Logourl black
From our private database of 14,100+ case briefs...

Vallone v. CNA Financial Corp.

United States Court of Appeals for the Seventh Circuit
375 F.3d 623 (7th Cir. 2004)


Facts

Continental Insurance Company (Continental) (defendant) offered its employees retiree benefits, including a monthly Health Care Allowance (HCA). Beginning in 1991, Continental began offering an early-retirement program known as the Voluntary Special Retirement Program (VSRP), which included Continental’s own version of a monthly HCA. Continental’s materials on the VSRP incorporated a 1992 Retirement Guide, which set forth the terms of Continental’s standard retiree-benefit plan. The 1992 Retirement Guide included a clause reserving Continental’s right to amend or revoke retiree benefits at any time. In meetings with potential early retirees, Continental orally represented that the HCA benefit was a lifetime benefit. Continental said nothing about the revocability of the HCA benefit. In 1995, CNA Financial Corporation (CNA) (defendant) acquired Continental. In 1998, CNA decided that the HCA benefit under the VSRP would be revoked as of January 1, 1999. Thereafter, 347 Continental employees who had accepted early retirement under the VSRP in 1992 (plaintiffs) sued CNA for terminating their HCA benefits. The plaintiffs claimed wrongful denial of benefits under (1) the Employee Retirement Income Security Act (ERISA), 29 U.S.C. § 1001, et seq.; (2) equitable estoppel; and (3) breach of fiduciary duty. The district court granted summary judgment in favor of CNA. The plaintiffs appealed.

Rule of Law

The rule of law is the black letter law upon which the court rested its decision.

To access this section, please start your free trial or log in.

Issue

The issue section includes the dispositive legal issue in the case phrased as a question.

To access this section, please start your free trial or log in.

Holding and Reasoning (Cudahy, J.)

The holding and reasoning section includes:

  • A "yes" or "no" answer to the question framed in the issue section;
  • A summary of the majority or plurality opinion, using the CREAC method; and
  • The procedural disposition (e.g. reversed and remanded, affirmed, etc.).

To access this section, please start your free trial or log in.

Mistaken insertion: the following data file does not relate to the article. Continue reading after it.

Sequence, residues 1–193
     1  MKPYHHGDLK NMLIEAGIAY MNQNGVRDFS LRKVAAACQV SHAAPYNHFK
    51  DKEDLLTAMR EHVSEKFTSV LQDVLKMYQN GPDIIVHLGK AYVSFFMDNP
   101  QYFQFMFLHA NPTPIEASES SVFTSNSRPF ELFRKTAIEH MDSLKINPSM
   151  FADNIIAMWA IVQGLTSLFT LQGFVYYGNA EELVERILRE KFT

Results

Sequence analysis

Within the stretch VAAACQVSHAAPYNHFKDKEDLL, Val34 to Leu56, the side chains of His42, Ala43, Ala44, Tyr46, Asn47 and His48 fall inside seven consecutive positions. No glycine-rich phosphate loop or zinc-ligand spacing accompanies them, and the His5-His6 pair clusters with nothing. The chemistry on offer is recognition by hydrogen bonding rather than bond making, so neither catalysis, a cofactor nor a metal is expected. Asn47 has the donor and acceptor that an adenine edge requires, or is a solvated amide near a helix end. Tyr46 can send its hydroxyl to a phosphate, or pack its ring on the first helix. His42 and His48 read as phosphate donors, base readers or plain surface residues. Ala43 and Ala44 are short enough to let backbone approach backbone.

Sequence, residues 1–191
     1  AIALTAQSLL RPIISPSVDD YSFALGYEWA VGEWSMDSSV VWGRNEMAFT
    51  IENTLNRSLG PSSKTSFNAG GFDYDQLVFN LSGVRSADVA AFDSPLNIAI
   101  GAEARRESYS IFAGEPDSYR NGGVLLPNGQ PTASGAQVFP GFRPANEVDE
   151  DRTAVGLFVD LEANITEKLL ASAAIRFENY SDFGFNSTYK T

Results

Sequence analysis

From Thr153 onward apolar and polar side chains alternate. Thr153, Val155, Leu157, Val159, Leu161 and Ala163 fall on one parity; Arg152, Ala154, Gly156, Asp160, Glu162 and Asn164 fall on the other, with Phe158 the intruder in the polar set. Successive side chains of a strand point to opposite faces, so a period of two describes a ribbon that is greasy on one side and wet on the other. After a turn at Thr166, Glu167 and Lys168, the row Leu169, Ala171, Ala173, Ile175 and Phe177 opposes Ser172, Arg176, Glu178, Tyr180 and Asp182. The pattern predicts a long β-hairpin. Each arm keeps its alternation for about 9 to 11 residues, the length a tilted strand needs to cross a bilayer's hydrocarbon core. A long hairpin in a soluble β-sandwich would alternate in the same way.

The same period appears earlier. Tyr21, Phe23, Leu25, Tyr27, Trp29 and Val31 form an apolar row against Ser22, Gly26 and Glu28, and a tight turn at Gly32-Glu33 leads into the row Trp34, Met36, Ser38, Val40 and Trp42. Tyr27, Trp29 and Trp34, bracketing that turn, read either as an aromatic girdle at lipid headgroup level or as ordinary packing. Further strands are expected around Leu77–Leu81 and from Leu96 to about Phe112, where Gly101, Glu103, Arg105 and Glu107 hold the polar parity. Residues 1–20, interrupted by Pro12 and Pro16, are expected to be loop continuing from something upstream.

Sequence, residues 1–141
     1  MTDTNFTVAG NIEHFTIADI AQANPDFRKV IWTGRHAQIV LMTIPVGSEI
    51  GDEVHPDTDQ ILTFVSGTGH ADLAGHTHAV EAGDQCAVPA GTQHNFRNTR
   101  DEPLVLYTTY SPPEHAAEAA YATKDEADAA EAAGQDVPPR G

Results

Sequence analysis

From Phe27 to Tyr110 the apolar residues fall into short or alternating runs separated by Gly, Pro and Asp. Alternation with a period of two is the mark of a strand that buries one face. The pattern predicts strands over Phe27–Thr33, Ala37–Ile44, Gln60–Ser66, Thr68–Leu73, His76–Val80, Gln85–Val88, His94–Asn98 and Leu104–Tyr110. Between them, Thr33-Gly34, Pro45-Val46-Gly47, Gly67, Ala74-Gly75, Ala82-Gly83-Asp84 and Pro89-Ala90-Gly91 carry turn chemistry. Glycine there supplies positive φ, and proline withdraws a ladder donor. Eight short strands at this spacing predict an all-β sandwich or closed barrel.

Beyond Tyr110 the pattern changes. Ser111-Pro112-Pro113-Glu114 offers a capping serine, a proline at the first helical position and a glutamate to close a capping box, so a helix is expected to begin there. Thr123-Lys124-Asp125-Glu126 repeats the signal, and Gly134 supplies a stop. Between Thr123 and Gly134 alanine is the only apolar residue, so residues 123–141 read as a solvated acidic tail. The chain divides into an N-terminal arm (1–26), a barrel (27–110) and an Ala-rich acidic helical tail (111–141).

What to do next…

  1. Unlock this case brief with a free (no-commitment) trial membership of Quimbee.

    You’ll be in good company: Quimbee is one of the most widely used and trusted sites for law students, serving more than 97,000 law students since 2011. Some law schools—such as Yale, Vanderbilt, Berkeley, and the University of Illinois—even subscribe directly to Quimbee for all their law students. Read our student testimonials.

  2. Learn more about Quimbee’s unique (and proven) approach to achieving great grades at law school.

    Quimbee is a company hell-bent on one thing: helping you get an “A” in every course you take in law school, so you can graduate at the top of your class and get a high-paying law job. We’re not just a study aid for law students; we’re the study aid for law students. Read more about Quimbee.

Here's why 217,000 law students have relied on our case briefs:

  • Written by law professors and practitioners, not other law students. 14,100 briefs, keyed to 189 casebooks. Top-notch customer support.
  • The right amount of information, includes the facts, issues, rule of law, holding and reasoning, and any concurrences and dissents.
  • Access in your classes, works on your mobile and tablet. Massive library of related video lessons and high quality multiple-choice questions.
  • Easy to use, uniform format for every case brief. Written in plain English, not in legalese. Our briefs summarize and simplify; they don’t just repeat the court’s language.